For the Milanese:

4 chicken thighs, deboned
1 tablespoon cornstarch
4 egg whites
½ cup all-purpose flour
2 ½ cups panko breadcrumbs
1 tablespoon fine sea salt
½ tablespoon piment d’Espelette
3 cups canola oil, for frying
2 lemons, halved, for serving
Maldon sea salt, for serving
Parmesan, for serving (optional)
Trout roe, for serving (optional)
Boquerones (white anchovies), for serving (optional)


First, make the Caesar dressing:

Step 1: Using a blender, food processor, or immersion blender, combine the egg yolks, anchovy, garlic, vinegar, and lemon juice, and process until smooth. Slowly add the grapeseed and olive oils and blend until the dressing is thick. Season to taste with salt and black pepper. Divide in half, and set aside until ready to use. Reserve the remaining half for another use.

Next, prepare the cucumber salad garnish:

Step 1: Toss the cucumber slices with 1 teaspoon of sea salt, then place them in a colander for 20 minutes to release excess water. Store in the refrigerator until ready to use.

Then make the Milanese:

Step 1: Place each chicken thigh between two large pieces of parchment paper or plastic wrap. Using a meat mallet, pound each cutlet to ¼-inch thickness. Set aside.

Step 2: Whisk together the cornstarch and egg whites.

Step 3: Put the flour, egg white-cornstarch mixture, and panko in three separate shallow containers and set them in a row.

Step 4: Season the chicken thighs with salt and piment d’Espelette. Dredge them in the flour, just enough to coat. Dip each cutlet in the egg white-cornstarch mixture, then in the panko, pressing to help the crumbs adhere. Once the cutlets are breaded, let them sit for at least 15 minutes, so the panko can hydrate and fully adhere to the protein. The chicken can be prepped up to 12 hours in advance and stored in the fridge.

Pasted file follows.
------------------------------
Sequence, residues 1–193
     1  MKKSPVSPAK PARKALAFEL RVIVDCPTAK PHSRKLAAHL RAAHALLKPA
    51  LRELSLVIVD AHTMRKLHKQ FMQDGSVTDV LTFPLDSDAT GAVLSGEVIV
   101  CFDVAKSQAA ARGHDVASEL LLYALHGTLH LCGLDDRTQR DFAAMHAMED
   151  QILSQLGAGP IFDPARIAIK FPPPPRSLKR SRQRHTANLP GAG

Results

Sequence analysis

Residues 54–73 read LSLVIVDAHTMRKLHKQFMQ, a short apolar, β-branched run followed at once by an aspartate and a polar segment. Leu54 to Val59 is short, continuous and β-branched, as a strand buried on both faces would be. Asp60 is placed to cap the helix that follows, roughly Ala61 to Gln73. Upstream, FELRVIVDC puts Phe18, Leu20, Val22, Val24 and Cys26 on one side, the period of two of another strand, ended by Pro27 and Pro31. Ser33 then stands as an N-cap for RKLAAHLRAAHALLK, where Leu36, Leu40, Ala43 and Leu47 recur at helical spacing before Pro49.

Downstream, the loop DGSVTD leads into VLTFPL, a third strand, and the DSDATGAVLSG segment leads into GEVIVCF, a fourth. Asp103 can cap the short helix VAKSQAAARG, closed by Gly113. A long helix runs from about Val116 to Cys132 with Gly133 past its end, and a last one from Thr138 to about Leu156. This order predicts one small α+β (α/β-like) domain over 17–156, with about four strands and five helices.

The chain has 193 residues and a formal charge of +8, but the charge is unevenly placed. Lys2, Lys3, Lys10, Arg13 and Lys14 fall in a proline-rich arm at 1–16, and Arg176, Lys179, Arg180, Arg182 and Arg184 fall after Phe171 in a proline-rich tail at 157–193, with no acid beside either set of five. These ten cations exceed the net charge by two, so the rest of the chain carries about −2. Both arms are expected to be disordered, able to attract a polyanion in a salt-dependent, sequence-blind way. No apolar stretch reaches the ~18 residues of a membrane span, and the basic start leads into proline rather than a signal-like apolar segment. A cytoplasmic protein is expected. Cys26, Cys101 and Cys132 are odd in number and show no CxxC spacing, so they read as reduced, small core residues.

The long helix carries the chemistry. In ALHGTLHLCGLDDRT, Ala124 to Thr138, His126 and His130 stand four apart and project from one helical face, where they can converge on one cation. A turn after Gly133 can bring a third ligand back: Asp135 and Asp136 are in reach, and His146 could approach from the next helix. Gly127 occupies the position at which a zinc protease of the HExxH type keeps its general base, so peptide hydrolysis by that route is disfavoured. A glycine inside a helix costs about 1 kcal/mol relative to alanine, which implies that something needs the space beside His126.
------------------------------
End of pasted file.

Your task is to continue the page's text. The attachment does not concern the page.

Step 5: Heat the oil to 325 degrees in a wide heavy-bottomed pot or large cast-iron chicken fryer.

Step 6: Preheat the oven to 170 to 200 degrees. (You want it hot enough to keep the chicken warm once it’s been fried.)

Step 7: Fry the chicken one piece at a time, flipping when the underside turns a golden brown, approximately 3 to 4 minutes. Continue cooking until the second side is golden brown and a thermometer inserted into the thickest portion reads 165 degrees. Transfer the chicken to a wire rack set over a rimmed cookie sheet and place in the oven to stay warm. Repeat the process with the remaining chicken thighs.

Step 8: Finish the cucumber salad garnish: While the chicken is frying, toss the salted cucumber with the lemon juice and reserved dressing. Taste and adjust the seasoning with salt and lots of coarsely cracked black pepper. The cucumbers should be slightly acidic and quite saucy in order to balance out the fried chicken.

Step 9: To serve, place the cutlets on individual plates and evenly divide the cucumber salad among them. Generously grate fresh Parmesan on top of the salad and dot with trout roe or boquerones. Serve with half a lemon. Sprinkle with Maldon salt.

Dina Ávila is a photographer in Portland, Oregon.
Recipe tested by Ivy Manning